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I'm quite familiar on the aircrack-ng suite and I was wondering if there is a way to stop airodump-ng mon0 from seeing my client's MAC IDs? This is very sensitive information a program can get without even being connected to the AP. How is this possible exactly for the software to find without being connected?

On the second part (a very irritating fact) people use the macchanger -r or -m mon0 command to spoof their MAC making it nearly impossible to track in wireshark or anything, but the router sees right past the faked MAC and shows the actual even when spoofed. Why is that and could an attacker hide a real MAC when connecting to a wireless access point?

Lastly how can I stop or prevent (make it harder) to execute a (DDoS) deauth packets? aireplay-ng -0 -0 -a [AP_MAC] -c [CLIENT_MAC] --ignore-negative-one mon0 This command can cause serious problems with denial of service on clients.

I have heard a couple things about changing the channel to something high but it gets into legal issues and other things with antennas.

closed as too broad by Anders, Steve, Xander, Purefan, J.A.K. Feb 9 '17 at 20:52

Please edit the question to limit it to a specific problem with enough detail to identify an adequate answer. Avoid asking multiple distinct questions at once. See the How to Ask page for help clarifying this question. If this question can be reworded to fit the rules in the help center, please edit the question.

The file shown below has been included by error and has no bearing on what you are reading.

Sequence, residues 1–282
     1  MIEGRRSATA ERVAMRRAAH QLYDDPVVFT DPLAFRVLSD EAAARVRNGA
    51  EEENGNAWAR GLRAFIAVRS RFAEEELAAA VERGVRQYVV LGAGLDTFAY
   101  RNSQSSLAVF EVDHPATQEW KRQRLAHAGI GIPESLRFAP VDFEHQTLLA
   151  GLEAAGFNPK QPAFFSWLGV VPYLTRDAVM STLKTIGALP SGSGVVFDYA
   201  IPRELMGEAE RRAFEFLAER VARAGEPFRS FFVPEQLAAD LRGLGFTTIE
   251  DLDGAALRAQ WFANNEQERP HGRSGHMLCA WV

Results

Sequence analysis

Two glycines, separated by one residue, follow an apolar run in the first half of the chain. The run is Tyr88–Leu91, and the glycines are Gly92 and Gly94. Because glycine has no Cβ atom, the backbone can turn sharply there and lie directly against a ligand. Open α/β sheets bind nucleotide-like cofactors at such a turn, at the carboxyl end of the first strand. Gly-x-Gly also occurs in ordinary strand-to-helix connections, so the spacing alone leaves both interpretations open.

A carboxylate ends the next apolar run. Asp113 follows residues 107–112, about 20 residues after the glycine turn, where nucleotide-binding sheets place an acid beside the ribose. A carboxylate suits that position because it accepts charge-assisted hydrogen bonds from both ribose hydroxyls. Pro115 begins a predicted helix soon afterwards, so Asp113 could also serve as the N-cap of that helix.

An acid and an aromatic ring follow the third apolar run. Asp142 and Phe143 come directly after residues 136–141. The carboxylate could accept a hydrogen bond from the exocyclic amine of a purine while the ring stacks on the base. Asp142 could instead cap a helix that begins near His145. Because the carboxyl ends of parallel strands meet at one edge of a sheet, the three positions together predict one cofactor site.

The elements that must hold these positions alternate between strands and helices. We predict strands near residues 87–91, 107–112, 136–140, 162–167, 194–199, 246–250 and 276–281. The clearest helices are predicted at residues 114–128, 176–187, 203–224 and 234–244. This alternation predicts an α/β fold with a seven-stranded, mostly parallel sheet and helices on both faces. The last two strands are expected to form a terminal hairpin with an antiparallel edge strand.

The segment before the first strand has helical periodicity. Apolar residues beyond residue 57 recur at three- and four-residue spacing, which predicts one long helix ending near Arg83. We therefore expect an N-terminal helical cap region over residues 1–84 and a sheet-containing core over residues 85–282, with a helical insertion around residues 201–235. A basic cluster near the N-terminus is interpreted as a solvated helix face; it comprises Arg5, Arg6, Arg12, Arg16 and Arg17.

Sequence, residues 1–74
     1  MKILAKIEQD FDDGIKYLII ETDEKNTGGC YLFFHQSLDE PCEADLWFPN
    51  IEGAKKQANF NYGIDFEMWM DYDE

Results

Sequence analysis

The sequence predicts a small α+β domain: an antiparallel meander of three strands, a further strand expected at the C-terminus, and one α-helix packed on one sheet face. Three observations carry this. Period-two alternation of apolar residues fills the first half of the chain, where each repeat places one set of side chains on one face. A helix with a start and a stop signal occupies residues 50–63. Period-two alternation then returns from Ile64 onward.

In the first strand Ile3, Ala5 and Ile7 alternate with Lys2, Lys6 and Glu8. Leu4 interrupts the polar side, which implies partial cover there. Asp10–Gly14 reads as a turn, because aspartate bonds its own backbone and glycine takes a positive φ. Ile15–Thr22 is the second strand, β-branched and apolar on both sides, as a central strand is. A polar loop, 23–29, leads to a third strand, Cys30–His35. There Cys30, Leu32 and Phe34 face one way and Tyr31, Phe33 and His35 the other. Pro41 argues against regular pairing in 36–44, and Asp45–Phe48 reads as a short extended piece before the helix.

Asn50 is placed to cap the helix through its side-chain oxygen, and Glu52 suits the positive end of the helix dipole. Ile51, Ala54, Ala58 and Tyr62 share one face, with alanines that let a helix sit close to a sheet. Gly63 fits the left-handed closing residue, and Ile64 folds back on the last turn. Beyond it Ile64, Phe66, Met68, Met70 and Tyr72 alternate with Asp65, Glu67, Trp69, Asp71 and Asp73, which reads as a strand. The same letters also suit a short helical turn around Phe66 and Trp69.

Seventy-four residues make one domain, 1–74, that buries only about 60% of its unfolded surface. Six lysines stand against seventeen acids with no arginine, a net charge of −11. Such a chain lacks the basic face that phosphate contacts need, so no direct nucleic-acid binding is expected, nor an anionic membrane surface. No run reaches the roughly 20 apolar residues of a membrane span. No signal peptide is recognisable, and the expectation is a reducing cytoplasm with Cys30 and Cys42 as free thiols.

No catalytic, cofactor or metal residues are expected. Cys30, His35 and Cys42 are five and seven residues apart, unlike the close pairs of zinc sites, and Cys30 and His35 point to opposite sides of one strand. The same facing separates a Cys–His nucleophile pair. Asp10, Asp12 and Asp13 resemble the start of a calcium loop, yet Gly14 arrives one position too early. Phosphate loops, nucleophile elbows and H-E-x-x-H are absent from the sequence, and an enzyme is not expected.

• 5
    Please stick to one question per question. Your first two questions are sort of related; the last one should certainly be separate (it's an interesting question in its own right, though). – cpast Feb 12 '15 at 0:25
  • Lastly how can I stop or prevent (make it harder) to execute a (DDoS) deauth packets? 802.11w see this and this – Matthew1471 Feb 7 '17 at 17:25
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For the first question, your MAC address is simply not generally considered sensitive information; protocols are not designed to protect it. MAC addresses are used to let multiple devices share a physical link; packets have a source MAC and destination MAC, so that everyone but the destination knows they can ignore the packet and the destination knows which device they're talking to. The addresses are unencrypted because that's how your card knows what packets to process. WPA2 could theoretically have been designed so that it used special tokens for this purpose, but it's not clear what the point would be, because MACs aren't considered secret.

For question 2, I'm not sure the router is "seeing past" it. You can change your MAC address. It's something in firmware; on many cards, you can very easily change what the card thinks its MAC address is. There's no such thing as the "real" address; you can change the address, and that is the new real address of the device. Maybe you're seeing older log entries, or you didn't spoof it correctly, because there is in fact no general way to detect a "spoofed" MAC. An attacker can set their MAC to anything they want, and that is their new actual MAC address.

For 3, you should look into 802.11w. This is a fairly recent extension to the 802.11 standard that adds authentication and encryption to management frames (including deauth frames), which prevents deauth attacks. I think Linux and Windows both support it in general; whether or not your access point supports it is something I do not know, but you should look into.

Changing the wireless channel is not a good option, but 802.11w is a very good option to prevent deauth attacks.

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